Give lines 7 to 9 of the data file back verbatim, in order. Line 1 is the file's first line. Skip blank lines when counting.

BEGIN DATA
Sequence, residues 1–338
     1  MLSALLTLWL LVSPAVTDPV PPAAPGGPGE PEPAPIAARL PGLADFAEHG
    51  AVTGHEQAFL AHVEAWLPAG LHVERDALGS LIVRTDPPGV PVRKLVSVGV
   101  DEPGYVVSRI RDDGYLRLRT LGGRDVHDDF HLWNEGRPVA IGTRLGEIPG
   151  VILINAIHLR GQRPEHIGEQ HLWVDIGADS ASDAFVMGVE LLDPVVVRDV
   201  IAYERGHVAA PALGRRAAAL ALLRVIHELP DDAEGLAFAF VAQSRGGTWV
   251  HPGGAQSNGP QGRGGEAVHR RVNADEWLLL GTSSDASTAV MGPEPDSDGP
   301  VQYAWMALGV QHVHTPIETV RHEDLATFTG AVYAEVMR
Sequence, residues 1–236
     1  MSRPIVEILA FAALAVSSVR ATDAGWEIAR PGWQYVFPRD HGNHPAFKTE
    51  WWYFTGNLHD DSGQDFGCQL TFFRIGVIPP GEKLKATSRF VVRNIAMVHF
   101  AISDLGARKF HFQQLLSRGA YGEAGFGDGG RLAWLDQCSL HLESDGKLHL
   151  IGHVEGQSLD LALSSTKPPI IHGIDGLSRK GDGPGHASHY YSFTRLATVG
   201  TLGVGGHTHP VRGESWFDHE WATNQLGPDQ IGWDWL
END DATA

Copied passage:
   251  HPGGAQSNGP QGRGGEAVHR RVNADEWLLL GTSSDASTAV MGPEPDSDGP
   301  VQYAWMALGV QHVHTPIETV RHEDLATFTG AVYAEVMR
Sequence, residues 1–236